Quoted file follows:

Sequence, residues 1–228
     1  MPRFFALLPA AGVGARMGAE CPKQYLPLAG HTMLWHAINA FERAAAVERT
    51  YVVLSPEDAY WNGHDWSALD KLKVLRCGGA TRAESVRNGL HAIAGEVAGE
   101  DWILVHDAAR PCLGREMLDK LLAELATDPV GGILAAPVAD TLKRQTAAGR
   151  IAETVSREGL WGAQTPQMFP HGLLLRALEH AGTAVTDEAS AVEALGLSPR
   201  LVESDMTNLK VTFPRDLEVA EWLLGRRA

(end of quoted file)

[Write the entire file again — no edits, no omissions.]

Sequence, residues 1–228
     1  MPRFFALLPA AGVGARMGAE CPKQYLPLAG HTMLWHAINA FERAAAVERT
    51  YVVLSPEDAY WNGHDWSALD KLKVLRCGGA TRAESVRNGL HAIAGEVAGE
   101  DWILVHDAAR PCLGREMLDK LLAELATDPV GGILAAPVAD TLKRQTAAGR
   151  IAETVSREGL WGAQTPQMFP HGLLLRALEH AGTAVTDEAS AVEALGLSPR
   201  LVESDMTNLK VTFPRDLEVA EWLLGRRA